The Lost Tudor Princess by Alison Weir



BLURB: “Royal Tudor blood ran in her veins. Her mother was a Queen, her father an earl, and she herself was the granddaughter, niece, cousin and grandmother of monarchs. Some thought she should be queen of England. She ranked high at the court of her uncle, Henry VIII, and was lady of honour to five of his wives. Beautiful and tempestuous, she created scandal not just once, but twice, by falling in love with unsuitable men. Fortunately, the marriage arranged for her turned into a love match. Throughout her life her dynastic ties to two crowns proved hazardous. A born political intriguer, she was imprisoned in the Tower of London on three occasions, once under sentence of death. She helped to bring about one of the most notorious royal marriages of the sixteenth century, but it brought only tragedy. Her son and her husband were brutally murdered, and there were rumours that she herself was poisoned. She warred with two queen, Mary of Scotland and Elizabeth of England. A brave survivor, she was instrumental in securing the Stuart succession to the throne of England for her grandson.”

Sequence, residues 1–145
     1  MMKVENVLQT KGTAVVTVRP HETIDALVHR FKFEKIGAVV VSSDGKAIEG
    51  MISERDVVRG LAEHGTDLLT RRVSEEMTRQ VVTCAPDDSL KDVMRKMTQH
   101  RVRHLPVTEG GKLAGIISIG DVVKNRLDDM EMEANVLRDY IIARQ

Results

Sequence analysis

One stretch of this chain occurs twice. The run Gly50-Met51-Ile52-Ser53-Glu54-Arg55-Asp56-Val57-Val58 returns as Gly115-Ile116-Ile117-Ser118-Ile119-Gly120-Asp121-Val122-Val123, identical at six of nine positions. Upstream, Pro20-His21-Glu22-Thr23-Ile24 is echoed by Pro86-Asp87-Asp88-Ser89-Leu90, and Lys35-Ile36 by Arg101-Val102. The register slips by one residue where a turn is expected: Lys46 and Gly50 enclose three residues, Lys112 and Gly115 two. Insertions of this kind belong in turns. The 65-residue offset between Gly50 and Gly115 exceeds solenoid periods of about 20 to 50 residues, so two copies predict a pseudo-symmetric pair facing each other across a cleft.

REVIEW: As many of you will know, Weir is one of my favourite historians and I have even had the good fortune to meet her and hear her give a talk on one of her previous books. Because of this, as well as because of the subject matter, I was extremely excited to read this book and have in fact been reading it since I got it at Christmas – blame final year of university for my unusually slow pace! As Weir herself states on numerous occasions, and as is made clear by the admiring tone of the blurb (which runs throughout this biography), Margaret Douglas was an extraordinary Tudor woman about whom very little has previously been written. She was related to many of the key figures of the age and played an integral role in history as we know it today, and after reading this book I am all the more upset to know that her story has remained so little known for so long. Margaret’s life was so full and rich with both scandal and heartbreak that it is difficult to summarise, but I shall attempt to do so in order to give you an idea of why this woman is so interesting and why, as Weir thankfully noticed, a biography of this kind has been a long time in coming. Margaret Douglas was the daughter of Margaret Tudor, Henry VIII’s sister, and was born a Princess of Scotland. Her mother fled with her to England, however, and it was in England that Margaret lived her life, though she maintained very close connections with Scotland. One of the most beautiful and intelligent women at Henry VIII’s court, Margaret caused scandals with her brilliant poetry and her passionate love affairs, two of which incurred the wrath of her Uncle Henry and both of which took place with members of the powerful Howard family. Margaret was eventually married to the Earl of Lennox and through this marriage maintained a high level of power in Scotland which she used on several occasions to attempt to influence different monarchs. She appears to have been a Catholic, despite accepting reforms, and was close to Mary I. Her relationship with Elizabeth was much rockier, particularly when she married her son, Darnley, to Mary, Queen of Scots, the most logical heir apparent to the English throne after the death of Elizabeth, which strengthened the claims of both Mary and Darnley. Although the son born of this marriage, James, would later become James VI of Scotland and James I of England, Margaret had to suffer the loss of her beloved son Darnley in a brutal murder that still remains unsolved. Several years prior to this her husband had also been brutally killed, and it seems that after these events Margaret was even more determined to play a political role. She came into conflict with both Mary and Elizabeth and cared for her young granddaughter, Arbella (who was yet another potential heir to the English throne) until her death. Margaret played a huge role in the shaping of English culture, court and politics (particularly in terms of the Elizabethan succession crisis) and appears to have been a truly amazing woman. Throughout this biography we get the real sense of a strong, intelligent and powerful woman who knows her worth and wishes it to be known to others. This is among my favourite Tudor biographies and I would highly encourage you all to read it.


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